I received a note a few weeks ago from a gamekeeper friend a few miles further along the coast who had made an extraordinary discovery. Walking his dogs along the seashore near Gatehouse, he had found a dead greyhen lying in the sand. The nearest black grouse leks are only three or four miles away and this bird wasn’t too far from home, but why was she down on the coast, lying dead without a mark on her body? It was a compelling mystery, and I was thrilled to have it presented to me to unravel.
It happened that the frozen body’s arrival coincided with a trip to see Colin Scott at Border Taxidermy, and I took her along with me in the hope of a post mortem. There will be a huge amount more to come on the subject of Colin’s work, but suffice to say for now that we soon had the bird unzipped and the mystery started to unravel.
As the feathers parted, we found a big black bruise all up one side of her breast, with smaller bruises on her head and rump. In the parting between the breast muscles, great black clots of blood wobbled horribly, and it became clear that she had died after a serious collision with something straight-edged. Given that the busy A75 roars past less than a hundred yards from where she was found, it seems likely that she was bumped by a car or a lorry and struck a glancing blow, gliding on to die on the beach several minutes or even hours later.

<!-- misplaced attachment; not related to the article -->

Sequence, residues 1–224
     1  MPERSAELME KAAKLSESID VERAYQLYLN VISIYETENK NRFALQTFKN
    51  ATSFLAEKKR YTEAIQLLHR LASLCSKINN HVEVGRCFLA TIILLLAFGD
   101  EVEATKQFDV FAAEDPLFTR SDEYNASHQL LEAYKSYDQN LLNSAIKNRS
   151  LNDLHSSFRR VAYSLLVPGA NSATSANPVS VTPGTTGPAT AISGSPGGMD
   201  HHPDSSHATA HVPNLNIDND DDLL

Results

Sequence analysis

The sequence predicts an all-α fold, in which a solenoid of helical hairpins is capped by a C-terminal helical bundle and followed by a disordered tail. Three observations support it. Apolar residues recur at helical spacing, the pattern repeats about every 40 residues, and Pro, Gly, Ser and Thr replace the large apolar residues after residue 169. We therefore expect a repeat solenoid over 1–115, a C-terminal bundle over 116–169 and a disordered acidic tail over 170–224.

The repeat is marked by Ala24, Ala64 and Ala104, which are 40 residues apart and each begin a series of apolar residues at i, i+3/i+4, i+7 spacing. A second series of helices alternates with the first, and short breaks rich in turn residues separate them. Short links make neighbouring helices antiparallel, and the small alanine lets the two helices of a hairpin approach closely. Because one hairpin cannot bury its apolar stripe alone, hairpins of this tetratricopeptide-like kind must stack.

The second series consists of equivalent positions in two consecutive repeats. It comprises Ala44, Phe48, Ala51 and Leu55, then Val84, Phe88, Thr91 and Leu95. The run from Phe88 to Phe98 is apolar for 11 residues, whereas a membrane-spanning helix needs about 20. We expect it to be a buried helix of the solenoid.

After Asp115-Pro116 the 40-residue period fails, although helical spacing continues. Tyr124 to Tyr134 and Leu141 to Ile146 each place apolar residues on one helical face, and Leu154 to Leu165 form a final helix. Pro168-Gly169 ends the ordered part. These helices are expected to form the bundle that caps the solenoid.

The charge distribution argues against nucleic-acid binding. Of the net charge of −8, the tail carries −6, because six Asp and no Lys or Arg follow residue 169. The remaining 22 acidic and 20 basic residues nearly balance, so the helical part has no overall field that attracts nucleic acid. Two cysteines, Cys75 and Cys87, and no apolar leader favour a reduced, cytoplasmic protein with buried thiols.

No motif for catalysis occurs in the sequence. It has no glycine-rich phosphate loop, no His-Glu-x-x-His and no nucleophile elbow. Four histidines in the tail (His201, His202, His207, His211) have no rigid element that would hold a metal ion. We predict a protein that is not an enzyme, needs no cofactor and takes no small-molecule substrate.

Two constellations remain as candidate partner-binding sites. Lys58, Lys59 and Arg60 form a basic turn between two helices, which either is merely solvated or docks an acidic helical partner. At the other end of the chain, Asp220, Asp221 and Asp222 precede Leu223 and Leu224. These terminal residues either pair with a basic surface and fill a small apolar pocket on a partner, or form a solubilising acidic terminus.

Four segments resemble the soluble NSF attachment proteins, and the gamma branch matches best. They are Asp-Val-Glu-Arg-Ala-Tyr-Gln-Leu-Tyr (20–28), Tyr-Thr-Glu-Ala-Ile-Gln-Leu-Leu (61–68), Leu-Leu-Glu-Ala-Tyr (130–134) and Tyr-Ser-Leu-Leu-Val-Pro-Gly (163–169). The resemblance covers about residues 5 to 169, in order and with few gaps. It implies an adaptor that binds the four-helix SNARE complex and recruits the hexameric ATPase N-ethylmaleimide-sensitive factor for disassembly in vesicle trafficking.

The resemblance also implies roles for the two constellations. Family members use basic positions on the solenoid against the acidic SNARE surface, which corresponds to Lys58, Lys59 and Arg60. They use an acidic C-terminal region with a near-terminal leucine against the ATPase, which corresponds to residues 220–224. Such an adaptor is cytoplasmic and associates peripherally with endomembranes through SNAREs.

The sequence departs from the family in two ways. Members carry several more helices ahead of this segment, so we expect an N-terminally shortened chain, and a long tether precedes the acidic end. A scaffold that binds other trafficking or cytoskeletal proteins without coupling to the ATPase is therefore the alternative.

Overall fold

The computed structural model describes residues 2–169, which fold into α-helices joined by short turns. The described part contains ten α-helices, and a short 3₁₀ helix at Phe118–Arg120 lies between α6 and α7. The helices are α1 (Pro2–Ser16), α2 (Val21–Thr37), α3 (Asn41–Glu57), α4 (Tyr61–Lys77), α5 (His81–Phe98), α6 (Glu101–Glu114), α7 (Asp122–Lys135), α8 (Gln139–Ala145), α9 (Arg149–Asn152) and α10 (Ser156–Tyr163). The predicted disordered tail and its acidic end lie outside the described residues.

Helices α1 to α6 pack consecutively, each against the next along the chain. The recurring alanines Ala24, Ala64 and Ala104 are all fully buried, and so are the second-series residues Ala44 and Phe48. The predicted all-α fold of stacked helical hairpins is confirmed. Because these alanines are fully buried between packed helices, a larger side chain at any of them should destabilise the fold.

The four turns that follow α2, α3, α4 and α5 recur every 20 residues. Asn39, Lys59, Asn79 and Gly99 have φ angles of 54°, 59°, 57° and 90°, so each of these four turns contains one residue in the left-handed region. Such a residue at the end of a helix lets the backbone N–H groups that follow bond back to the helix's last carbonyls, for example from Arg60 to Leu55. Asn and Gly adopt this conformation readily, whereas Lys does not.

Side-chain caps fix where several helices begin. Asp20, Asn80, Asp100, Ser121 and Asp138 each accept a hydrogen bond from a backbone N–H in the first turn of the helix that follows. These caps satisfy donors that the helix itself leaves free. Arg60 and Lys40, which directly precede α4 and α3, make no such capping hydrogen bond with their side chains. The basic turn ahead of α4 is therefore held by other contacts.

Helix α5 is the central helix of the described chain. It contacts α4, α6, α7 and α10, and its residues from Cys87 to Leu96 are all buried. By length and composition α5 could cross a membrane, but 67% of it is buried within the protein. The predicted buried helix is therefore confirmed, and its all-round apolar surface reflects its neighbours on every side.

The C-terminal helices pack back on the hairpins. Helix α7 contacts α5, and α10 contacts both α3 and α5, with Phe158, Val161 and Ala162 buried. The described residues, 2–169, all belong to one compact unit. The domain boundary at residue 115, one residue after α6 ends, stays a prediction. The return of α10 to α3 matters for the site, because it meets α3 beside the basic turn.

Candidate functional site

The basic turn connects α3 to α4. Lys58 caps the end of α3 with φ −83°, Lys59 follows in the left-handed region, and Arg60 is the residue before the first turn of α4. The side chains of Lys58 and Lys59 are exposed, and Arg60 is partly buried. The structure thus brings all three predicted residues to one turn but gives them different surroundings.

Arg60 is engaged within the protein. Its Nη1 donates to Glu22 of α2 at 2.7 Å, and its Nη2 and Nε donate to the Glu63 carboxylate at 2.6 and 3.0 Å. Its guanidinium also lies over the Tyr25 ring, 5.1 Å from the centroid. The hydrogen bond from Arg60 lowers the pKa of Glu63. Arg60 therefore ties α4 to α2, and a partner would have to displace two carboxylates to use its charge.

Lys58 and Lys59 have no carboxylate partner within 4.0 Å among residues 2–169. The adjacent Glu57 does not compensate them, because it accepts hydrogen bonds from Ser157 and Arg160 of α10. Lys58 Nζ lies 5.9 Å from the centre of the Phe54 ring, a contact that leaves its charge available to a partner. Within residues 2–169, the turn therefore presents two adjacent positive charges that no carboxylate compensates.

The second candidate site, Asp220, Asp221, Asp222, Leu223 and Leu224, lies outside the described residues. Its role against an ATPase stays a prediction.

There were no broken bones, but the extent of the bruising and internal bleeding was quite considerable. Otherwise, she was in perfect condition – a young bird from the summer of 2015. She only had a few blaeberry tips in her crop which would imply that the accident happened early in the morning before she had eaten her breakfast, and she might have gathered these little morsels as soon as she woke up before heading downhill.
Greyhens are particularly rangy and curious in early spring, so it is really unfortunate that this bird should have come to such an unlucky end. I’ve occasionally found black grouse killed by cars, but the victims are usually over-confident blackcock or naive, slow-witted poults. I spoke to the keeper who gave me the bird last night and we both agreed that we would rather she had been killed by a car in a sad one-off accident than succumbed to some mystery disease which could have had far-reaching implications for the other local birds.
I’ve kept the greyhen’s skin (which I removed and prepared under Colin Scott’s close supervision) and I hope to mount it for posterity in the next few weeks. Watch this space…